Wow. Those are words of high praise. I had no idea who we were dealing with on Sunday! His banjo on display had incredibly beautiful inlays in the fretboard:

Traynham Banjo.jpg

After the exhibit closed we had a couple hours to kill, so we chilled out in the student center at Virginia Tech. I was reflecting how unique college campuses are in that you can just go and hang out in them if you know the right places to go.


The second thing we had come into town for was to be an old-time music jam in a downtown park starting at 8:00. (We grabbed a super Cajun dinner at a place called Boudreaux’s. The seafood gumbo was to die for.) We were a bit late for the jam, but we joined in anyway. It was a genuine, fiddle-and-banjo old-time jam, and the pace was blistering. I had a great time, and I am finding that I recognize more and more of the tunes. This jam was the sort of thing I love joining in on. It was not the relaxed, laid-back style that made me feel comfortable, but it was the “real deal,” and I feel that I learned a lot by participating in it. We stayed until the bitter end at 10:00, which means I was playing my guitar for a solid hour and a half at breakneck speed. Wonderful!


Then it was back down the crooked roads to our home on wheels at the Whitebarrel winery.


The Search for the Perfect Jam

Our strategic location of Claytor Lake State Park not only allowed us to enjoy the facilities of the park, but it also put us within reasonable reach of two different events listed in the Mts. of Music Homecoming booklet. There was an Appalachian farm market with music in the nearby town of Pulaski, and there was a traditional “old time” jam at a Mexican grill in the not-too-nearby town of Pearisburg.


I was able to spend about an hour kayaking around on Claytor Lake in the morning, before the thunderstorms moved in. I loved it.


We headed off toward the town of Pulaski to experience that Appalachian farm market with music. When we got there we found that it was … meh. There wasn’t much on offer from the farmers’ market, and the band was nothing to write home about. It was not something we wanted to spend our whole evening on. So, we did what we could. We headed for the “old time jam” at that Mexican grill in Pearisburg. Our GPS led us to … the Walmart!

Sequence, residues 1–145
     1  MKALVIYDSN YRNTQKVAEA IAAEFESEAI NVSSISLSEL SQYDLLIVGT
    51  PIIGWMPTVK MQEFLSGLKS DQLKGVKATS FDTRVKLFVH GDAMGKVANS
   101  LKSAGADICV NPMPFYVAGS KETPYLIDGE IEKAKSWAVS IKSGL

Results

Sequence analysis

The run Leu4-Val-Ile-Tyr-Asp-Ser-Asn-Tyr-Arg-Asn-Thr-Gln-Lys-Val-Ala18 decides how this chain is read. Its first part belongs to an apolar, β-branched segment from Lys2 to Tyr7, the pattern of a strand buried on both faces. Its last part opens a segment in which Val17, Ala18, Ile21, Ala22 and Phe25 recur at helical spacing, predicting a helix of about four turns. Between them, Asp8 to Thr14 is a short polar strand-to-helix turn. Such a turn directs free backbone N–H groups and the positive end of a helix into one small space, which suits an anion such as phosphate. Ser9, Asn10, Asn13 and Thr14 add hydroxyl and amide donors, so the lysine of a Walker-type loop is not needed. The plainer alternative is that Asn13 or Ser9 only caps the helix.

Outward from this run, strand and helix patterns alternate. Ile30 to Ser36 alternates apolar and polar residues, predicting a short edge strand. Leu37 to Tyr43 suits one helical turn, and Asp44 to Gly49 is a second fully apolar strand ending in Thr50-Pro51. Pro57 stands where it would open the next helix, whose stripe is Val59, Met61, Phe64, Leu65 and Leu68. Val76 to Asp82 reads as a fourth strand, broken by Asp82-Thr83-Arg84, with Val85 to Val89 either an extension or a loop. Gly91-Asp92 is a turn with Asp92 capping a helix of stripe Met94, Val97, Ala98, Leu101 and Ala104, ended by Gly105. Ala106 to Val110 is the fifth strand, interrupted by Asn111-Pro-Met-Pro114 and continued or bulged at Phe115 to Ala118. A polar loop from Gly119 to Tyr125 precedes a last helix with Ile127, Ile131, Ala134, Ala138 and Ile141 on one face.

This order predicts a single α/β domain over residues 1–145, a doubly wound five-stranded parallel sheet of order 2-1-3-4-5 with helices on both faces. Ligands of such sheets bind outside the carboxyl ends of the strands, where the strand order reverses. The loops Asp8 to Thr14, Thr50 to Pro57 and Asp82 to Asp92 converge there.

We were a bit mystified. There was supposed to be a Mexican grill here, with jamming, but we didn’t see one. I drove around the parking lot, and lo and behold – a Mexican grill. We entered with some trepidation, because there were only a few cars in the parking lot, and we couldn’t hear any music. But when we got inside we found three gentlemen and a lady off to one side singing and playing instruments. They welcomed us warmly, and immediately asked if I had an instrument. When they heard that I had a guitar they enthusiastically encouraged me to bring it in and join the fun.


The songs they were doing were all over the map. Some folk music, some country music, some bluegrass, an occasional gospel song, and some originals that one of the fellows had written. These folks were salt-of-the earth people who were simply gathered together for a fun night of making music together. I contributed quite a few songs, which is really not what I usually do. I just felt comfortable doing so, and it was easy to do. They brought us right into the circle. During the course of the evening I got them to introduce themselves and tell me a bit about who they were. Here are two of them: T-Baby Reed – the guitar man and Earl Thornton with the baritone uke:

TBaby and Earl.jpg


And here is Addison Dobbs with his mandolin (He’s really the only one who consistently lead bluegrass tunes):




And here I am joining in:


Jam at Pearisburg.jpg

It was a really unusual evening, and much different than I had anticipated. But it was a great, authentic, Appalachian music experience. This is what we came here to find.

I Finally Learn (Some) Flatfooting!